Her death soon after led to two arrests, a public coroner’s inquiry and the suspension of a youth-protection administrator in the Eastern Townships.

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“The neighbours knew (about the child’s situation), people in the school knew. People in youth protection were aware there was a problem.

Premier François Legault formally launched Thursday a commission on child protection, following the death of a seven-year-old girl in Granby, whose case was known by social workers for years. 

"It's not the first time in Quebec the system that's supposed to protect children abandoned one of them," Legault told a news conference in Quebec city. 

Régine Laurent, the former president of Quebec's largest nurses union, FIQ, will head the special commission.

Laurent said at the launch that she, like all Quebecers, was moved by the death of the girl in Granby.

Above all, she insisted Legault guarantee her final report not wind up on the shelf, an assurance she says she obtained.

"For sure I felt sadness and anger, but also shame. I'm ashamed that this could happen in Quebec in 2019," Laurent said.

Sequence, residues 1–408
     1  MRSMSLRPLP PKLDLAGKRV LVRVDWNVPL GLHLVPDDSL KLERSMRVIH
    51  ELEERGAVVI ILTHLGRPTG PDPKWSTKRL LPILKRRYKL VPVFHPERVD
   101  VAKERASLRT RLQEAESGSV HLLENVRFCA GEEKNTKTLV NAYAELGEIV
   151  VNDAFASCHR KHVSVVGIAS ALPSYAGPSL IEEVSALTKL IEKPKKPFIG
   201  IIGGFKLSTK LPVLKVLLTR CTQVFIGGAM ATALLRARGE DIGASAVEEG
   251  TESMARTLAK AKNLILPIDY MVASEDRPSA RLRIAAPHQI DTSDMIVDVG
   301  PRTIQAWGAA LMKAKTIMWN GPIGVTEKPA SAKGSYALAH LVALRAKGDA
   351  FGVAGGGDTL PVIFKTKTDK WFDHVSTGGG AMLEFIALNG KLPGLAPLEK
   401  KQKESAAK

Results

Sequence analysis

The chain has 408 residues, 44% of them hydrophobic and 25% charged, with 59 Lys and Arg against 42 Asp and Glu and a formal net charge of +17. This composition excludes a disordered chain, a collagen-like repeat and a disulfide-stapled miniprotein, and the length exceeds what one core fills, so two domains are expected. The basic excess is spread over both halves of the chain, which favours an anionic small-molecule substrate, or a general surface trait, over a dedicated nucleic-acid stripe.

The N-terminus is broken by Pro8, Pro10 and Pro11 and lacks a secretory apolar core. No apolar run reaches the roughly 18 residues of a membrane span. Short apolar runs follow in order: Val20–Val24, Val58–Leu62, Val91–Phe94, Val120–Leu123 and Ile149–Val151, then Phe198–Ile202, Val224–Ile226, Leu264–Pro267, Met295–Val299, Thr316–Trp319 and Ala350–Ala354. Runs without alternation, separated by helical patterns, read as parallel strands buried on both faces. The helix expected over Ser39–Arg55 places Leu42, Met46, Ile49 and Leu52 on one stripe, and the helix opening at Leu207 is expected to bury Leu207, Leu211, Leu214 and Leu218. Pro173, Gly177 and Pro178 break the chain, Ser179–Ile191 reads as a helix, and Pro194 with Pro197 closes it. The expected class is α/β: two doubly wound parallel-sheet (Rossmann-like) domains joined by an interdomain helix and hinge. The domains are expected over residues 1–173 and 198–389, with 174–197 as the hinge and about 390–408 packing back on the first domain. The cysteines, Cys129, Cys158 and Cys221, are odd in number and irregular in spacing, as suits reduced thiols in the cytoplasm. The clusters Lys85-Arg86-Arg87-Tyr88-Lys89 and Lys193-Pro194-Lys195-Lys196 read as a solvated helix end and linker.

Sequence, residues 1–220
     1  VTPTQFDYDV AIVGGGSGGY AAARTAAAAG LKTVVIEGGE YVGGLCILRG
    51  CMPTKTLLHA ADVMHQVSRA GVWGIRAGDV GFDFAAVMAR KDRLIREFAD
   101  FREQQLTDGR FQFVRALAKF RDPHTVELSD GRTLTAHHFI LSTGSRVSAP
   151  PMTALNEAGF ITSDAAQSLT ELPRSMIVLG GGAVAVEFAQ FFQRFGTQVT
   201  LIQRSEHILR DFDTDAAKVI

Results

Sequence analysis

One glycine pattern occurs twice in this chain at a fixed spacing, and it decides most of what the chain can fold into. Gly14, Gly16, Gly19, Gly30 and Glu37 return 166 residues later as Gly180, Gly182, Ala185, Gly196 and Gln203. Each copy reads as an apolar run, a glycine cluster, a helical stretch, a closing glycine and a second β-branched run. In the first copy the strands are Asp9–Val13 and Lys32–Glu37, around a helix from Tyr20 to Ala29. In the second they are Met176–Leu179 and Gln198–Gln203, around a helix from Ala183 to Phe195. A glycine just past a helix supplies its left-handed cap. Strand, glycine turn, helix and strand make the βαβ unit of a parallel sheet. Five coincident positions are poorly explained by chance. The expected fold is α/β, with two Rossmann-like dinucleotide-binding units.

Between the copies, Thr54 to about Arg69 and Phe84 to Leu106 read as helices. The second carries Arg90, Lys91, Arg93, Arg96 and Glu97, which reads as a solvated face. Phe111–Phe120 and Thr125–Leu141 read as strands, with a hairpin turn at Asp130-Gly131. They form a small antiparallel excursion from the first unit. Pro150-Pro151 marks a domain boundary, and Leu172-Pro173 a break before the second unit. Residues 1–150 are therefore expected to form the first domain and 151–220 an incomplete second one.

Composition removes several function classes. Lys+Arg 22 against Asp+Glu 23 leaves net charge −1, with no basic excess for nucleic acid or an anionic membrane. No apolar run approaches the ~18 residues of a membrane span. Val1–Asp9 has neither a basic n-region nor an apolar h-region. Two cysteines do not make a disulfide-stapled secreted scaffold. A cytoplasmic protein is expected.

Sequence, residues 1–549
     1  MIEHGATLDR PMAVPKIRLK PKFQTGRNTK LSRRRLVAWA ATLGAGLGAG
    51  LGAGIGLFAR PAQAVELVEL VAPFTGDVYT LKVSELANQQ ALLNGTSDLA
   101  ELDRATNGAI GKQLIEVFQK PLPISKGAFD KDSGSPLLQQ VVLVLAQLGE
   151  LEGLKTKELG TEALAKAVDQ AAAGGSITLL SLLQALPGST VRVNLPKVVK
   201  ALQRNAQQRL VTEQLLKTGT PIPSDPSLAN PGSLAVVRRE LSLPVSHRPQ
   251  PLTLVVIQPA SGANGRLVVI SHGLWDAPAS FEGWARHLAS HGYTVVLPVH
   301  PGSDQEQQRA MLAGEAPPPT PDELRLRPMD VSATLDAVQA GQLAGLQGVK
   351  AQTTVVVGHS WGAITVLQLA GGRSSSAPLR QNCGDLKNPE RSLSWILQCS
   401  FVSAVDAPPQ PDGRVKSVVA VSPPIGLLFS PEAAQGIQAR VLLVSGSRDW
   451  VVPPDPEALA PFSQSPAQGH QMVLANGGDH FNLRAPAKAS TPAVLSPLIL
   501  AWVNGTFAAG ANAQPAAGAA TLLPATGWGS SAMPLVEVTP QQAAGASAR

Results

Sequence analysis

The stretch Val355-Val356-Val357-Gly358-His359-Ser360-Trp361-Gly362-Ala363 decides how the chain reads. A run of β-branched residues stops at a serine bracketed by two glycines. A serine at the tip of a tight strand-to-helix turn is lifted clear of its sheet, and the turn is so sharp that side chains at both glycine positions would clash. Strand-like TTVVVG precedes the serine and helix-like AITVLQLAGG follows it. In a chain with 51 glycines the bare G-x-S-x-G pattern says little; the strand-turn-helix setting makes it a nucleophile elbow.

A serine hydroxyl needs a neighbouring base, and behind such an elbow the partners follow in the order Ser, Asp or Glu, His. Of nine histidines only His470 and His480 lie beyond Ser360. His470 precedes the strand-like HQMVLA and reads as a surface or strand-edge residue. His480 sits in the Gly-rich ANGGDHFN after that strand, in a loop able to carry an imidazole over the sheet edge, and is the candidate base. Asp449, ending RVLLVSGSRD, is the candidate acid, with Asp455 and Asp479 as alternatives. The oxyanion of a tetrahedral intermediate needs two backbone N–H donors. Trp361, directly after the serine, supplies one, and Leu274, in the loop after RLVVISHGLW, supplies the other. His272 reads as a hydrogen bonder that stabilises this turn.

The commission will examine every aspect of youth protection in Quebec. It will travel the province and interview various stakeholders. 

It includes Laurent, six other experts, and one MNA from each of the four parties in the National Assembly.

The goal is to come up with  recommendations by November 2020 on how to improve youth protection services, which advocates say are plagued by long wait lists and understaffing. 

In the wake of the girl's death in late April, several investigations were announced — by provincial police, by the local health authority, and another by the province's human and youth rights commission.

Local police had found the girl in critical condition at her father's home in Granby, 80 kilometres east of Montreal. She was taken to hospital where she remained in a coma until she died April 29.

The girl's father, 30, has been charged with forcible confinement, and her stepmother, 35, has been charged with forcible confinement and aggravated assault.

CBC News is not naming them or anyone else related to the girl because of a court-ordered publication ban to protect the child's identity.

The commission is already facing criticism. Indigenous leaders have pointed to a lack of Indigenous representation.

The chief of the Assembly of First Nations of Quebec and Labrador Ghislain Picard says First Nations youth are over-represented in foster care.

"We've seen very little progress and we feel this is an opportunity to address these issues and change the system," Picard said in an interview on CBC Montreal's Daybreak Thursday. 

"First Nations have realities that are unique to them. It will be taken into account," said junior health minister Lionel Carmant in a statement. "However, the commission will be independent and will have to make their own choices in regards to the experts to be selected as commissioners."